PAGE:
Unlocking Africa’s Mobile Ecosystem Potential with Multi-orbit Satellite Capabilities
By Christian Olsson, Senior Manager, Market Management for Telcos, MNOs and ISPs at SES Networks
The mobile ecosystem has the potential to add over $150 billion in value to Sub-Saharan Africa’s economy by 2022, according to GSMA. This is the equivalent to almost 8% of regional GDP. Key to unlocking this economic value, however, is the adoption of innovative and cost-effective solutions that are not restricted by existing infrastructure or topography.
This will enable mobile network operators (MNOs) in Africa to not only tap into a larger subscriber base by extending coverage, but also offer additional services to their existing subscribers, such as mobile money, e-learning platforms, online market places and video streaming services. To help MNOs extend their reach, satellite’s ubiquity and high-throughput capabilities can be of tremendous value, especially when offered as an end-to-end and fully managed solution.
Taking advantage of multi-orbit
For many parts of Africa, the reality is that terrestrial infrastructure such as fibre or microwave is either economically or geographically unfeasible. In this sense, multi-orbit satellite capabilities – Geostationary (GEO) and high-throughput O3b Medium Earth Orbit (MEO) – allow an operable backhaul solution that is pervasive but also flexible; a solution that is lean, but with broader coverage that can be shared across multiple sites, and scalable to allow adoption of data services and deployment of 3G and LTE base stations. A rural cell site can now be deployed at about one third of the cost of a traditional macro site, and combined with satellite backhaul, there is no longer any reason not to reach every corner.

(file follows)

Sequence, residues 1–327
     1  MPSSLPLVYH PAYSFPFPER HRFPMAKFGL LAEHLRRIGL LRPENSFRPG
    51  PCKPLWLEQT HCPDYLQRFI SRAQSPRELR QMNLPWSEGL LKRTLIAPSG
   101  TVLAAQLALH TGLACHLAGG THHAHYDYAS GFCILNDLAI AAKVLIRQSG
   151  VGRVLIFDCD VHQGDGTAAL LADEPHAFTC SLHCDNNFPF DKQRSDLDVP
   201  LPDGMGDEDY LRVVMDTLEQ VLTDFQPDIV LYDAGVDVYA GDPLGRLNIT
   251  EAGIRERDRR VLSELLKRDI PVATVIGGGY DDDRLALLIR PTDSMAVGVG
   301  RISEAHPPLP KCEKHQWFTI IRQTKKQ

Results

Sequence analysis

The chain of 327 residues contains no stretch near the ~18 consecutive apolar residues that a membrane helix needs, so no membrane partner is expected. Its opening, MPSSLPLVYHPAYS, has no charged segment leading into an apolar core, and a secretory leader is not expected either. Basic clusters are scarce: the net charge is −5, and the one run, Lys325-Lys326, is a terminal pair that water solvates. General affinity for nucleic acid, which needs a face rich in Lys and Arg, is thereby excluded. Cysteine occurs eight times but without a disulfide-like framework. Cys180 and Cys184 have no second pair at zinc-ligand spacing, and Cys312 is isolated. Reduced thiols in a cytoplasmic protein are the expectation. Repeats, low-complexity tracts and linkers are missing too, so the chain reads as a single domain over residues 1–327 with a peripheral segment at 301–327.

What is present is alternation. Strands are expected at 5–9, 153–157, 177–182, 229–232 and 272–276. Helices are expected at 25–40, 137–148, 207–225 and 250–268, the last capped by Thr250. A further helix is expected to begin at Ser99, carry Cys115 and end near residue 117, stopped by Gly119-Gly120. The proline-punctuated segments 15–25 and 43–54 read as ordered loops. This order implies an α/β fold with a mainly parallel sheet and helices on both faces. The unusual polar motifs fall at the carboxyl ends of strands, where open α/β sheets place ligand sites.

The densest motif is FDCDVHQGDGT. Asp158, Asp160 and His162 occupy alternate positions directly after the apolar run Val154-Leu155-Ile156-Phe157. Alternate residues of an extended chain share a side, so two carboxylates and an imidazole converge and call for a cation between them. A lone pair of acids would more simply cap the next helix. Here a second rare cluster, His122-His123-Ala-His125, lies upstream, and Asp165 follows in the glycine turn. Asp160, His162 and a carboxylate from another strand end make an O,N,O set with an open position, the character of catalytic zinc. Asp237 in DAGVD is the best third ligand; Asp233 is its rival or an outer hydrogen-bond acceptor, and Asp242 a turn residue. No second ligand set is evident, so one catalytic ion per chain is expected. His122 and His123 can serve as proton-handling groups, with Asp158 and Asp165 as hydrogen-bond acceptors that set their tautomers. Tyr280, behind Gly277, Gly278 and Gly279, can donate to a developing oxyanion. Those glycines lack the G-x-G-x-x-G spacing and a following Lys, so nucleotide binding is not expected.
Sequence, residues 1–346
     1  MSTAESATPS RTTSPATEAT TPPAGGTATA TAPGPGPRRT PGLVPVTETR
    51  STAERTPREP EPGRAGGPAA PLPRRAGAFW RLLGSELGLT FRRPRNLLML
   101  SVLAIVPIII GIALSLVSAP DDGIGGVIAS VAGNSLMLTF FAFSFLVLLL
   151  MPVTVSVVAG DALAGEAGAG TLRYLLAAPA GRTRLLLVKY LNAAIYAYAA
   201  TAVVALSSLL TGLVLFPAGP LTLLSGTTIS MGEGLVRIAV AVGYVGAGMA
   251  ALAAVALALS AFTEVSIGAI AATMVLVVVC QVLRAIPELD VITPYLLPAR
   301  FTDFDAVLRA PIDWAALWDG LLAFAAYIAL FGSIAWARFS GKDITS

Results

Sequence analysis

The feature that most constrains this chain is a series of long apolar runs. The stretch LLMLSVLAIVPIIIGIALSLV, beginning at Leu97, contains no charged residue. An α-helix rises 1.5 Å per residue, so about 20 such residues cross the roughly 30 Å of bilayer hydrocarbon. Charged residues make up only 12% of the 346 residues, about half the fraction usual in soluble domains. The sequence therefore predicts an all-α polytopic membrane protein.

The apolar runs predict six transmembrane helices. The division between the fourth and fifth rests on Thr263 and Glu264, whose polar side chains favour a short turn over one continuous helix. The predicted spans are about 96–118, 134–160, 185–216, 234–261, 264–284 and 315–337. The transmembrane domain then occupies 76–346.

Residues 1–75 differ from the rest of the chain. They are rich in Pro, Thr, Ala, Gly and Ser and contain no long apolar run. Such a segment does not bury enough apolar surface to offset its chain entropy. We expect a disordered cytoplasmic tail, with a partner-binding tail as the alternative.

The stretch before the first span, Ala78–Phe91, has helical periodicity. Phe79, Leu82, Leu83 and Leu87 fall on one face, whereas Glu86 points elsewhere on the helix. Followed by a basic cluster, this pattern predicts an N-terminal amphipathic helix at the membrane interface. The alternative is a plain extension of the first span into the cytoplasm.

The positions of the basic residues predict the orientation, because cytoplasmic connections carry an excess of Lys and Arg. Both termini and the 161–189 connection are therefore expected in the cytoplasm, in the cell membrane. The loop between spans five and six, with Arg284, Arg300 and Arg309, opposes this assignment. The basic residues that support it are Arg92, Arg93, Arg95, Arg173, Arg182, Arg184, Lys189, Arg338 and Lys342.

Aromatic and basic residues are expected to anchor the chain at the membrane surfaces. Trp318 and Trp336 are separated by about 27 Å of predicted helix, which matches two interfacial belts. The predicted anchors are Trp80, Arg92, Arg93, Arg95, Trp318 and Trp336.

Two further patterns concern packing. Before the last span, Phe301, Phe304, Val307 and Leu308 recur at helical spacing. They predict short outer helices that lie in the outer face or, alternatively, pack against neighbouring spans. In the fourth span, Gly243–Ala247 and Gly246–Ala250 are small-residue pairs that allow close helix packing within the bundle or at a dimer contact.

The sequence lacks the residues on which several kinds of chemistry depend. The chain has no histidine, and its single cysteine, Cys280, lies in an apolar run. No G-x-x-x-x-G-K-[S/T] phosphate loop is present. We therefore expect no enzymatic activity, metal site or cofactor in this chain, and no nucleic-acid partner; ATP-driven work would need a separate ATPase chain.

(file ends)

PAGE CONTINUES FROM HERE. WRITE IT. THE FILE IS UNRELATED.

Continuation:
Seeing as mobile network requirements will inherently differ from site to site, and considering that some applications are latency-sensitive, multi-orbit capabilities are ideal as they offer the level of agility required to reliably service such a vast and diverse region.
Another challenge for the operators in remote locations – that satellite helps alleviate – is maintenance of terrestrial cell sites. With a vast area being covered, there is a higher risk of fibre line interruption or microwave cells that have gotten out of line, which raises the issue of reliability. Satellite solutions have minimal points of failure compared to alternatives and have proven their reliability over the years. Furthermore, by having a satellite solution that is looked after by a professional services organisation, one is guaranteed a Service Level Agreement worthy of a network, which is of vital importance to both its owner and its users.
The proof is in Chad’s pudding
Many parts of Chad, a landlocked country in north-central Africa, have been notoriously hard to reach for MNOs, due to the sheer vastness of the country, the lack of terrestrial infrastructure, and the extensive flooding during rainy seasons. By leveraging SES’s fully managed satellite backhaul service driven by its multi-orbit fleet, a mobile operator, Tigo Chad, has been able to expand coverage into the country. The solution allowed Tigo Chad to bring 2G and upgrade to 3G in rural and previously unserved areas.
The satellite-enabled backhaul solution connects more than 40 remote sites in Chad, providing an in-country gateway and remote terminals, as well as network design, installation and maintenance services. The upgraded backhaul network allowed the customer to migrate from time-division multiplexing (TDM) to IP that enables 3G deployments and makes it ready for 4G/LTE. Rural areas have yet again proven their boundless demand for mobile services as subscribers enjoy the higher speeds and consistent network performance provided.
In a country with a population of over 14 million people – many of whom are still unconnected – this solution has allowed a local mobile network operator to leverage the advantages of GEO-based managed services in concert with MEO. This has resulted in a significantly wider network reach, which has in turn enabled opportunities for many Chadians who previously had little or no access to the internet.
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